This week I found myself smack dab between two disparate worlds: the me that I was, and the me that I’m going to be. Apparently the me that I’m going to be has more money. This is disturbing to the me I was.
Honestly, I didn’t know what to say.
I asked myself some hard questions. Was I ever “meant” to be a wife and mother? The fact that I suck at both makes this question compelling. Did my lack of trust when I believed God didn’t want to share me, and wouldn’t allow me to have a husband and kids drive me to the sexual sin that I found myself entangled in? Did I miss what God had for me? The freedom to live as an ascetic, in whatever kind of community I chose? Or was this a mind game of a spoiled brat who didn’t want to deal with reality? I had a husband and kids, who are not like me. They don’t want what I want spiritually. They don’t want to sell all they have and give it to the poor. They like a single family home, even though we rent. They like that they finally have nice clothes, and an X Box 360.
Ken brought up Bono. Not fair, because he knows I love Bono and want to have his children. He said, “Bono is rich. He hasn’t left his family, and he helps the poor. Maybe God wants you to open the house for prostitutes you want to help with the resources you’ll get from being a successful writer. Why don’t you see what God will do with you having something for a change?”
It occurred to me that God probably wouldn’t want me to leave my husband. The kids would hate “intentional community” and I’d make a big ol’ stinking mess of things if I went running after Shane Clairborn. But I was struck by how strong my desire was, and so my director and I examined it. She asked me a simple question: “Have you talked to God about this.”
No. Not really. I’d thrown a few thoughts in God’s general direction, but we hadn’t had a real pow-wow about it. So I finally said, “Jesus, will you please help me? Because I don’t know what to do with money. And I’m scared. I don’t want to be anything but what you want me to be.”
And then I cried some more. Amy said, “What did He say?” I heard Jesus as clear as an audible voice say His simple, one word answer.
“He said, ‘Yes,’” I told Amy. “Just one word.”
She cried, too. “I know,” she said. “I heard Him.”
Wasn’t that cool? We both really heard Jesus.
That night when I got home my sister asked me about my new big screen television. I don’t have a big screen television! Or an entire house full of new furniture that she heard I had. The family gossip had gone wild! I got very defensive. I had just purchased a sofa and a “Bedroom in a Box” from Walmart because my bedroom furniture has fallen apart, and there is a homicidal spring on my mattress intent on killing me and ripping all of my sleepwear to shreds. The Bedroom in a Box has a dresser, night table, headboard and mirror, all in one fun-filled box, but I felt guilty because I bought $200 bucks worth of furniture AND a sofa. I felt like I’d let the world and the poor down. Carlean told me that God wouldn’t begrudge me a bed when I’d spent years going without so much, but it was hard for me to accept that kind of grace.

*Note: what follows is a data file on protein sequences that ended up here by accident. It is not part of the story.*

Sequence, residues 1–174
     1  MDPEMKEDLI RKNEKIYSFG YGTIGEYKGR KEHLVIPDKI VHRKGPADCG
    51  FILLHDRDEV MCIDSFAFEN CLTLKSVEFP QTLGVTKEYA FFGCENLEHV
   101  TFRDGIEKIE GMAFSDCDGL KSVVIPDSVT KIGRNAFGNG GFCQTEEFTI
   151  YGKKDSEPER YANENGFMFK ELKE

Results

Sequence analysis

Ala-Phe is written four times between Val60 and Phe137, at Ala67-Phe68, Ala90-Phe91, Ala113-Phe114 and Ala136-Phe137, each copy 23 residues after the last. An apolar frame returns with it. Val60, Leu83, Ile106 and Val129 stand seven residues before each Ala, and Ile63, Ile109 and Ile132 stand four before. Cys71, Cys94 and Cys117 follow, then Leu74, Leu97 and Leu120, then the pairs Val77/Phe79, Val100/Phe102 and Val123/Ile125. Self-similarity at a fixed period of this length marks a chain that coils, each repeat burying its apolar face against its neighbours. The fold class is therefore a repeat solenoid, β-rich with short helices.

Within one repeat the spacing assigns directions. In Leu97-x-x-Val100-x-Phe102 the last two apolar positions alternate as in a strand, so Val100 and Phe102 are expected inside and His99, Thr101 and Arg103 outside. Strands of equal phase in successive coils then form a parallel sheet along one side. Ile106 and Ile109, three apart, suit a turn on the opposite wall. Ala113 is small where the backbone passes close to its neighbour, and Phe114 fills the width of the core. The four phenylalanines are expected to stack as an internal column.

I had to look at these feelings. It felt like my future was a bright shiny light, and my past a black hand from hell, holding onto my ankle. And there I was in the middle trying to decide what to do. I’ve given money away. I’ve helped people less fortunate. I’ve gotten my family clothes, and a few things they want. I’ve paid all my bills. Why is it so hard for me to be okay with that?
“Blessed are the poor in spirit,” Jesus said. That’s my life’s scripture. But what does it mean? Just when I think I know it seems to elude me, and I chase it’s truth again. I want to be blessed. I really do.
Meanwhile, I watch the joy a little money has brought us. The blessing of having the bills paid, and something in the savings account. The blessing of having paint for the walls. I’ve never been able to paint, but I’ve got a really cool landlord who is letting me fly my freak flag. Okay, so Ken vetoed the fuchsia, but he did let me go with real color! The hall is going to be “fragrant cloves”. It’s as pretty as it sounds. For the bathroom we got a serene pale green. Very Martha Steward. The kitchen will be a vibrant mustard color, and my bedroom a rich rosy, cinnamon. These warm, earthy hues will go so well with my African accents. And my icons! I’m guess I’m nesting—building a home for my soul to stave off the dark death in winter I experience every year. I’m grateful for the gift of color, and God’s grace that I earned the money to buy the paint.
Enough for now. Ken just pulled out the paintbrushes and we have to paint the hallway! I will be praising God with every stroke. Despite my confusion, His grace abounds. His love, like fragrant cloves paint, covers a multitude of sins.